The attitudes of former parents towards family foster care within Munsieville community

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dc.contributor.author Moaisi, Mosidi Catherine
dc.date.accessioned 2008-10-17T13:09:17Z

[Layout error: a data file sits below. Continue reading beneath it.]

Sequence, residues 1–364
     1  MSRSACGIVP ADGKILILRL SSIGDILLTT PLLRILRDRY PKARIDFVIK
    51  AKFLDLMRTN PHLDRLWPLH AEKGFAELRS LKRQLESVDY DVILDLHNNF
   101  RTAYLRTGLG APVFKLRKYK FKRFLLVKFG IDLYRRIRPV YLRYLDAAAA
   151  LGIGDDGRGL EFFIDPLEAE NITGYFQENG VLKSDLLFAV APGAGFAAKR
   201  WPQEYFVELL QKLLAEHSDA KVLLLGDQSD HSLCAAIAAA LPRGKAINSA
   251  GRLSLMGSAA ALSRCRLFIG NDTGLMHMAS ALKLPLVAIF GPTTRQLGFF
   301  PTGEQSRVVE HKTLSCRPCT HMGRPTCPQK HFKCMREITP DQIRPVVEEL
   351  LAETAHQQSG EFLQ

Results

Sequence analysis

dc.date.available 2008-10-17T13:09:17Z
dc.date.issued 2008-10-17T13:09:17Z
dc.date.submitted 2003-05
dc.identifier.uri http://hdl.handle.net/10210/1224
dc.description M.A. en